Zen and Beginner’s Mind

You know that feeling when you hear an amazing song for the first time? You savour it on its entirety. Every riff. Every chorus. Every beat. Then if you are like me, you put it on repeat, and listen to it about 100 times on your iPod. Somewhere in the second half of those 100 repeats, something weird happens: the notes fail to move you, and you start missing the most amazing part of the song, the one you most anticipated just y repeats before that. X repeats go by and you don’t even notice them. You’re looking at Waze, checking Twitter, or driving your car.

I think that’s a clear application of what Zen practitioners call “beginner’s mind.” With so much stimuli, anxiety, and pain, we get sedated to the basic constituents of life: first of all, our senses, which bring us to the present. Hearing noises, smelling smells, tasting tastes, feeling your skin and body, etc. Senses bring us to the present. (Our mind’s recollection of past senses are just memory, imprecise, so don’t confuse that).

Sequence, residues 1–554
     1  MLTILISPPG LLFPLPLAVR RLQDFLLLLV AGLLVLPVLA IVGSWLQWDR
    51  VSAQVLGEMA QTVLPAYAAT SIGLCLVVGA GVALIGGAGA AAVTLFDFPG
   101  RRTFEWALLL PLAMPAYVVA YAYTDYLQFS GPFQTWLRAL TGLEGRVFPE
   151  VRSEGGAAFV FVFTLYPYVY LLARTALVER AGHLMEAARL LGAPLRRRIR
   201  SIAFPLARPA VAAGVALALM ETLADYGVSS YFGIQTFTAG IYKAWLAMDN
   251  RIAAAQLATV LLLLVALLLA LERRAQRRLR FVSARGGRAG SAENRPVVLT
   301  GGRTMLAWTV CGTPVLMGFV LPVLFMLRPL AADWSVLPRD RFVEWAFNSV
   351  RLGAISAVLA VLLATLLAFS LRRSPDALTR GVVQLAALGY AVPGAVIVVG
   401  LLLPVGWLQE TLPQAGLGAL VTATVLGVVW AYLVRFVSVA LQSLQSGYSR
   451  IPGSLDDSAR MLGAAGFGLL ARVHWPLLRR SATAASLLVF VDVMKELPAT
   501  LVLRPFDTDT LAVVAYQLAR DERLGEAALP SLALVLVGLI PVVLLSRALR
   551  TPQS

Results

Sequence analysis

In my shallow understanding of mindfulness, meditation, Zen, and even buddhism, I’ve taken with me that meditation is an opening to the senses, through breathing, hearing, etc. Regaining the grasp of the present. That’s where the beginner’s mind comes in.

Our senses are as sedated with the present as our ears and brain become sedated with the nth repeat of that great song. We have to practice a beginner’s mind with them (our senses): to experience them as if it were the first time we were experiencing them. Just like the first time we hear an amazing song: we focus on it. Enjoy every moment of it. Sense every beat, every note, every chorus. That’s the point.

 
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